Answer: Turkish Nobles, Indian Muslims, Afghans and Rajputs joined the Mughal services as mansabdars. Amansabdar refers to an individual who holds a mansab, meaning a rank or a position used by the Mughals to fix rank, salary and military responsibility of the individual. His military responsibility required him to maintain a specified number of sawar or cavalrymen. His salary was determined by the numerical value ofzat. The higher the numerical value of zat, the higher was his salary and position in court.Mansabdars received their salaries as revenue assignments called Jagirs. They did not actually reside in their Jagirs but appointed servants to collect revenues from the people. They even got paid on the quality of horses that they maintained.

7. What do you know about the Mughal relations with other rulers especially the Rajputs? [Imp.]

Answer: It was the policy of the Mughal rulers to campaign constantly against rulers who were not ready to accept their authority. However, when the Mughal became powerful, many other rulers joined them willingly. There were several Rajputs who married their daughters into Mughal families in order to gain high position. But at the same time many resisted the Mughals. The Sisodiya Rajputs refused to accept Mughal authority for a long time. However, when they got defeat, the Mughals did not treat them badly. They honoured them by giving them their lands Le. watan back as assignments, Le. watan jagir. Thus the Mughals never humiliated their opponents even though they defeated them. This unique quality of theirs enabled them to extend their influence over many kings and chieftains.

8. Awangzeb, did not follow the Mughals’ policy and insulted Shivaji when he came to accept Mughal authority. What was the consequence of this insult? [Imp.]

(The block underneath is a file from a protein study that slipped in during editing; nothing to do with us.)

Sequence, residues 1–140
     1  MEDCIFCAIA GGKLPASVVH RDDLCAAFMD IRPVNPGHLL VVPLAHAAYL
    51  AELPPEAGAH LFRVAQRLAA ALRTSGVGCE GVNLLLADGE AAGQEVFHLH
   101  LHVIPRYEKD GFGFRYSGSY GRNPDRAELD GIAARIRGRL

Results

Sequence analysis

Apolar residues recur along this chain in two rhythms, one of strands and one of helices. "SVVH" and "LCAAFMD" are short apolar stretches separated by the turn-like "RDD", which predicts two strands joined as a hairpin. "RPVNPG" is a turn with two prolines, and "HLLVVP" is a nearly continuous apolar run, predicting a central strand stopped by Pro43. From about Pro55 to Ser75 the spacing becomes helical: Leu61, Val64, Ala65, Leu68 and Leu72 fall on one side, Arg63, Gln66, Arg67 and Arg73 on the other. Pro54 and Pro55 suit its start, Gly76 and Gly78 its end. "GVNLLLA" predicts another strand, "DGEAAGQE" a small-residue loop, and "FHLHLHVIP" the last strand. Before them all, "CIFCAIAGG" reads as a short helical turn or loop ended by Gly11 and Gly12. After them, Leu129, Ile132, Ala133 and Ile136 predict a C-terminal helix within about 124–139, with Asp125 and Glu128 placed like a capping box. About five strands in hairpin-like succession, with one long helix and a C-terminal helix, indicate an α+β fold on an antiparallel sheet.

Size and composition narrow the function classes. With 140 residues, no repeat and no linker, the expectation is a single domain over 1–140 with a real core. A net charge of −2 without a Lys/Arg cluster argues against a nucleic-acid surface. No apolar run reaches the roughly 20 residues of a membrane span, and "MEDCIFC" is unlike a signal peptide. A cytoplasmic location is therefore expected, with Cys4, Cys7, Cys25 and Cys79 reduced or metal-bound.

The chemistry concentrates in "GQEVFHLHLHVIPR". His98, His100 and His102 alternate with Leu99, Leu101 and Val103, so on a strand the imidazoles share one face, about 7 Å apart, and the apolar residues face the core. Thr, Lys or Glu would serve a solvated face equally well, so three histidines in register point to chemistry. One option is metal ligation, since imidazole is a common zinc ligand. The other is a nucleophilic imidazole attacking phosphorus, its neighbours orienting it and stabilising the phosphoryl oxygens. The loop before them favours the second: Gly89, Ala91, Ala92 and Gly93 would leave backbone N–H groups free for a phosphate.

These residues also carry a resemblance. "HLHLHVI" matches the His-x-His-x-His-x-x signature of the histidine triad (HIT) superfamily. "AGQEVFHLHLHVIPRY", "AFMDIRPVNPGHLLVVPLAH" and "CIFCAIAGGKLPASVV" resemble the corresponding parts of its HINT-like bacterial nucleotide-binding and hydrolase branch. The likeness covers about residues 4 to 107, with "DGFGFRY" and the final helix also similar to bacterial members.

Answer:  After being insulted by Aurangzeb Shivaji escaped from Agra and declared himself an independent king. Then, he resumed his campaigns against the Mughals. Prince Akbar rebelled against Aurangzeb and received support from the Marathas and the Deccan Sultanate. He finally fled to Safavid Iran. Aurangzeb could not remain silent. He personally managed campaigns in the Deccan against the Marathas who started guerrilla warfare, which was difficult to suppress.

9. Give an account of Todar Mai’s revenue system?

Answer:  Todar Mai was Akbar’s revenue minister. He carried out a careful survey of crop yields, prices and areas cultivated for a 10-year period, 1570-1580. On the basis of this data, tax was fixed on each crop in cash.

Each province was divided into revenue circles with its own schedule of revenue rates for individual crops. This revenue system came to be known as zabt. This system was prevalent in those areas where Mughal administrators could survey the land and keep careful accounts

10. Give an account of Akbar Nama and Ain-i Akbari.

Answer: Abul Fazl, one of Akbar’s close friends and courtiers, wrote a three-volume history of the reign of Akbar. It was titled as Akbar Nama. The first volume dealt with Akbar’s ancestors and the second volume recorded the events of Akbar’s reign. Ain-i Akbari is the third volume. It deals with Akbar’s administration, household, army, the revenues and the geography of his empire. The book also provides details about the traditions and cultures of the people living in India. The most interesting aspect about Ain-i Akbari is its rich statistical details about things as diverse as crops, yields, prices, wages and revenues.

11. Divide Akbar’s reign into three periods and give details about them.
Mention the major campaigns and events of Akbar’s reign.

Answer:  Akbar’s reign can be divided into following three periods.

  • 1556-1570. Akbar became independent of the regent Bairam Khan and other members of his domestic staff. He launched military campaigns against the Suris and other Afghans, against the neighbouring kingdoms of Malwa and Gondwana to suppress the revolt of his half brother Mirza Hakim and the Uzbegs. In the year 1568, he seized the Sisodiya Capital of Chittor and in 1569 Ranthambhor.
  • 1570-1585. Military campaigns in Gujarat were followed by campaigns in the east in Bihar, Bengal and Orissa. These campaigns were complicated by the 1579-1580 revolt in support of Mirza Hakim.
  • 1585-1605. During this period Akbar expanded his empire. He launched , campaigns in the north-west. Qandahar was seized from the Safavids and Kashmir was annexed. Kabul was seized after the death of Mirza Hakim. Afterwards, Akbar started his campaigns in the Deccan and soon he annexed Berar, Khandesh and parts of Ahmadnagar.